The Edge of Greatness

Mar 05, 2020


In a recent retreat, one of our participants called me out on not being very good at receiving compliments. It’s true. I hear them, I acknowledge them, they stay with me, but owning, really owning, my good qualities? Yikes that’s hard. In truth, I’m often more comfortable owning my shortcomings, even to the point of being self-deprecating. It’s something I continue to work on, one of the edges I seek to expand in my practice.
Does this comfort in the familiarity of playing small, this discomfort of stepping into our true power, by any chance ring true for anyone else (wink, wink)?
For us as yogis, it's an obstacle. Not because we're looking to be “puffed up” or for our egos to be fed, but because when others reflect our strengths back to us in words and we deflect that or dismiss it, we minimize ourselves. And, the work of the yogi is to fully step into our greatness, our rightful power, our true magnificence. Not for ego’s sake, but for our own evolution, and so that we can rightfully share the gifts we’ve been given with the world. So we can serve in the ways we’ve been purposed to serve.
It was Marianne Williamson (not Nelson Mandela, though it is sometimes incorrectly attributed to him) who wrote this, something we’ve probably all read before:
"Our deepest fear is not that we are weak. Our deepest fear is that we are powerful beyond measure. It is our light, not our darkness that most frightens us. We ask ourselves, who am I to be brilliant, gorgeous, talented, fabulous? Actually, who are you not to be? You are a child of God. Your playing small does not serve the world ... As we are liberated from our own fear, our presence automatically liberates others."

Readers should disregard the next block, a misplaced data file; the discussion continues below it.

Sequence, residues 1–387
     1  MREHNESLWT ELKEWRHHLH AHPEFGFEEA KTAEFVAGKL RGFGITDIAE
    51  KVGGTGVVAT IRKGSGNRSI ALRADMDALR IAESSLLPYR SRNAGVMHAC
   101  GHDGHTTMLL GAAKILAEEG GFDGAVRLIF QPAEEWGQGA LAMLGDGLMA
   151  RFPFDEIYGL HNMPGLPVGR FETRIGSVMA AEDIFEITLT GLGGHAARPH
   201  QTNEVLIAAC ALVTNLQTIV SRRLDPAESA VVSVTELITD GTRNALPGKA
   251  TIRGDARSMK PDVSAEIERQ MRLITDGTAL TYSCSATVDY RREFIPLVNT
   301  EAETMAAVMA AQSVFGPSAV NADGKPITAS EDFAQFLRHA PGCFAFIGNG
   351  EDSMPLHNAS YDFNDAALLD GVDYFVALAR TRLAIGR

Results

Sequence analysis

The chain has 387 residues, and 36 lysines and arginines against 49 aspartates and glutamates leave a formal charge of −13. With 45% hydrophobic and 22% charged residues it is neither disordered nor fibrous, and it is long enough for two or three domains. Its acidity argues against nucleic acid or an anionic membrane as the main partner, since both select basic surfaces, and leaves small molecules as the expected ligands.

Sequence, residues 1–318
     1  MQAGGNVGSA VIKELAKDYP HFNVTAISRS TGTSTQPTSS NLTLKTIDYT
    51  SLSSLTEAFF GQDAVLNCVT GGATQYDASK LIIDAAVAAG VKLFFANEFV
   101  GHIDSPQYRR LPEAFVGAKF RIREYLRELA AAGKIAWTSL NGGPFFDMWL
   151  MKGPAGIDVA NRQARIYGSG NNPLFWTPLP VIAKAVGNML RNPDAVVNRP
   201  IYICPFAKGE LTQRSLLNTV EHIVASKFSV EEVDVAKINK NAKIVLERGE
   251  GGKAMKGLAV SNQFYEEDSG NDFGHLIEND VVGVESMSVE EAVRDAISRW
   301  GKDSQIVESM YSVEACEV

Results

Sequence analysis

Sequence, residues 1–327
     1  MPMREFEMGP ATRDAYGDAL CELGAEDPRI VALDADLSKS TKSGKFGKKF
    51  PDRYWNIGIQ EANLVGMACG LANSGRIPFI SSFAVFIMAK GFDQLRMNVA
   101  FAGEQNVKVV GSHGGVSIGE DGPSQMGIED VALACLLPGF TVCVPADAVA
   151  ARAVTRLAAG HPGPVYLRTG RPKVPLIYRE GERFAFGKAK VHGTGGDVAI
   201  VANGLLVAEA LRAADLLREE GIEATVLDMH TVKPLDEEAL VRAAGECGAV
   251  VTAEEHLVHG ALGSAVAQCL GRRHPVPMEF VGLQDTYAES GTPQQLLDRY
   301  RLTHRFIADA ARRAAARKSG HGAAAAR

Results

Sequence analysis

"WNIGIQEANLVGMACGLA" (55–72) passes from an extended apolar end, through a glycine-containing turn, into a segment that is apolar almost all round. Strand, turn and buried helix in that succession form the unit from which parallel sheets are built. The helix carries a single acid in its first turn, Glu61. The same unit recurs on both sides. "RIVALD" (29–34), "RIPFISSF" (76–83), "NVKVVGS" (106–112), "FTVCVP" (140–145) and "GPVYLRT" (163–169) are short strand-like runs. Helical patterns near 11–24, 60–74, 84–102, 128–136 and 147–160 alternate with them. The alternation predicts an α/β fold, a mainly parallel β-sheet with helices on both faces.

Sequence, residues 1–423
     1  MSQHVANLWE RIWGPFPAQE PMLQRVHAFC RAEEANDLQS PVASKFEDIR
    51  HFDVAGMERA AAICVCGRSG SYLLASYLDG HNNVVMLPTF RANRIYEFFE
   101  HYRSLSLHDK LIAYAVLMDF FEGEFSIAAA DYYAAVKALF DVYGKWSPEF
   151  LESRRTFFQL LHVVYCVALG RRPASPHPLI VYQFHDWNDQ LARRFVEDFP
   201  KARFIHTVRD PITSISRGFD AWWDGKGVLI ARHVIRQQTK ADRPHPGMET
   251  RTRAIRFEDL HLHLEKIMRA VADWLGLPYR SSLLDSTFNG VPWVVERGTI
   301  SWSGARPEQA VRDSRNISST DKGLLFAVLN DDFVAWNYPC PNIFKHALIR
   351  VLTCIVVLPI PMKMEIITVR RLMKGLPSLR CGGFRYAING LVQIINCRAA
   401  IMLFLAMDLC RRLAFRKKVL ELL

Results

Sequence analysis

Ah, the edges of our greatness. Our playing small does NOT serve the world. So wise. So true.
So this week when one of our members paid me the HUGE compliment of quoting me online and using my words as a theme for her classes I felt it again, that shrinking, that voice of “Who am I to be quoted? To be great? To be powerful… beyond measure?" I had to remember, for the gazillionth time, that it is just my ego that wants me to stay small, that feels insecure. It is NOT the deepest, or truest part of who I am. I’m here to serve through my teaching, through sharing my journey with others. It’s what I’m purposed to do. And, when I doubt that, it feels small, untrue, and supremely unhelpful.
Remember, just as “ego,” being our individual personality and preferences, can puff us up, it is also just as much a sign of ego to keep playing small.
So, please DO NOT tell me how great I am in response to this post. PLEASE do not pay me any compliments. It’s not what this is about. Instead, I invite you to explore with me:

Where are the edges of your greatness?
Where do you tend to shrink back from owning your strengths? From standing in your magnificence?
How have you been able to step into your true power?
What helps you to remember?


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